Earlier this year, state legislatures passed some of the most draconian anti-choice laws in US history, in Alabama, Georgia, and elsewhere. The aim of most of these bills is to result in appeals before the US Supreme Court, allowing the high court overturn Roe v. Wade and open the door for states to further criminalize abortion.
Reactionary mass sentiment to criminalize abortion exists because a segment of the American ruling class needed it to consolidate its base of political support. Abortion as a “divide and rule” political issue was successful due to long-term intellectual work in developing religious concepts, initially forged in the racist regime of terror of the old South. The contours of the white evangelical tradition were engineered to attenuate the contradiction of having religious workers and farmers read biblical texts celebrating the liberation of slaves in ancient times while living in a society premised on chattel slavery and the subjugation of freedmen.
The anti-choice movement relies on the support of white evangelical Christians, who form a significant portion of the Republican electoral base, with 80% voting for Trump in 2016. White evangelical support for the Republicans is secured chiefly through abortion politics. However, despite the “traditionalist” pretensions of these fundamentalists, the religious basis for this group opposing abortion rights is very recent. The NPR history podcast “Throughline” recently produced an interesting interview on this subject.
While the Catholic Church has a long history of attacking abortion rights, the evangelical focus on abortion politics doesn’t date back earlier than the 1970s and grew out of the shifting viability of openly racist slogans for organizing religious white voters politically. The common thread of white evangelicalism is not any distinctive theological commitment, but rather, a distinct political commitment to the former slaveocracy and its descendants. When one theological argument in support of this bloc failed, new ones were constructed.
The specifier “white” evangelicalism is significant in that it distinguishes it from other evangelical currents, particularly in black America, which often do not share the same reactionary politics. Fred Clark, who maintains the “Slacktivist” blog on the Patheos platform, has spent years unrolling the contradictions in this movement. He describes the core defining principles of the white evangelical movement today as a belief in “biblical inerrancy”—the idea that the Bible is without error or fault in all its teaching—and a commitment to criminalize abortion.
Biblical inerrancy is an undialectical way of viewing the world; a specific, brief passage of scripture is quoted out of context, and the plain meaning of the words is taken to be authoritative and applicable to any subject at all times. The broader themes present in the passage become irrelevant compared to any particular “clobber text” that can be wielded to “prove” a point—thereby “clobbering” their enemies into submission. The logic that determines the “plain meaning” of a text, and the range of subjects considered socially acceptable to “clobber,” are both guarded by religious gatekeepers, the translators and transmitters of ruling-class ideas into religious-sounding concepts. This is a classic example of the role of religion in class society.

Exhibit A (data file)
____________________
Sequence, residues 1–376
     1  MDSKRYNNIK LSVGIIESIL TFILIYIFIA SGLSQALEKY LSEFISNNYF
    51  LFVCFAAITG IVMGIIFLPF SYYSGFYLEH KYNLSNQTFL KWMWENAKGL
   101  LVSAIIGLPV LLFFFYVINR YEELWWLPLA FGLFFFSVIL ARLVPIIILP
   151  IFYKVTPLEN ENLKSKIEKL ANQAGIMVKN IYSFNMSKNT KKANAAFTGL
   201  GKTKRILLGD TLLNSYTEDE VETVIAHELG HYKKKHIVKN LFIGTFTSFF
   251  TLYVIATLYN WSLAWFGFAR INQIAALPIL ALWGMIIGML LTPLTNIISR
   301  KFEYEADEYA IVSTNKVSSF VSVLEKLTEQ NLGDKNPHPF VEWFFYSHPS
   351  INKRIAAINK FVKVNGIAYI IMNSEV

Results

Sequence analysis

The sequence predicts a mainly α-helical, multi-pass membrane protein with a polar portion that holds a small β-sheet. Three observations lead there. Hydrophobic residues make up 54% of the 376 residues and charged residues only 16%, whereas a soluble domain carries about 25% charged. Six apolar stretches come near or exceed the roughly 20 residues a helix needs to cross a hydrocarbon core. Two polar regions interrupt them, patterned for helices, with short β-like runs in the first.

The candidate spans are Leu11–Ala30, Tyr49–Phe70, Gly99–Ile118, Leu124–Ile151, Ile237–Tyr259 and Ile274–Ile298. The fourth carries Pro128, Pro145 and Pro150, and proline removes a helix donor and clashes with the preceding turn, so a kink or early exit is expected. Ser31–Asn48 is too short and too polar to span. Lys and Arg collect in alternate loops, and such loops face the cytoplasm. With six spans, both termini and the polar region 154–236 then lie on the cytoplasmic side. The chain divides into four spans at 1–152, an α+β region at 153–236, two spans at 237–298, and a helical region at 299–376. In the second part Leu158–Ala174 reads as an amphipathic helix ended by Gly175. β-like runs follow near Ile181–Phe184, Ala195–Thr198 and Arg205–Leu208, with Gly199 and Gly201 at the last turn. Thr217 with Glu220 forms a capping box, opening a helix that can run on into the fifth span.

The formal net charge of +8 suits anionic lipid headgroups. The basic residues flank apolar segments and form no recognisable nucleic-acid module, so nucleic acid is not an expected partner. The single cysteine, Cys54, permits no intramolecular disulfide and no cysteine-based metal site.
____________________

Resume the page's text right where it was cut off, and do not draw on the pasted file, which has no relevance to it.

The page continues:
Until the 1970s, evangelical groups, including the Southern Baptist Convention, which was founded in 1845 specifically in support of slavery, affirmed laws protecting legal abortion. Up to this point, the bloc that became known as the “Religious Right” had primarily organized around support for segregation. As this became less viable in the late 70s, new “clobber texts” were curated to maintain this political coalition.
The reactionary politics of this white southern bloc are not immutable aspects of the Christian faith but correspond to specific ideological tendencies nurtured over time. White evangelicals today are the inheritors of one of the camps in the 1800s bifurcation of American evangelicalism in response to slavery. Before they organized around anti-abortionism, this camp already had a century’s experience in defending the interests of the southern aristocrats.
This shift around abortion, and the related shift in white evangelical support from the Democrats to the Republicans, is tied to the disruption that accompanied the end of the postwar expansion. The crisis of world capitalism led to a realignment of the political forces that manage capitalism. Internationally, the oil crisis and the saturation of markets led to the emergence of an economy driven by the continued expansion of credit. In the US, the successes of the civil rights movement upset the balance of social forces knitting the two-party system together. Additionally, the atomization of family life in this period, with new suburbs, “white flight” subsidized by the state, and white migration to the so-called “Sunbelt,” facilitated the expansion of these individualist religious concepts out of the South and into new areas. This dynamic has been exacerbated and accelerated since the crisis of 2008, spreading with particular rapidity to hard-hit areas in rural America, as the labor leaders have failed to offer a class-based way out of the impasse.
The ongoing assault on abortion rights is the result of deliberate, long-term, ideological groundwork, combined with political organization and rallying slogans, all to advance the interests of a particular class: the capitalists. The majority of Americans do not support laws such as those passed in Alabama, but are not yet as well organized and single-minded as the handful of reactionaries that politically dominate the country. To fight back and win, workers must likewise lay the groundwork for a long-term political and economic struggle, harnessing our vast untapped power to advance the interests of the only progressive class on the planet: the working class.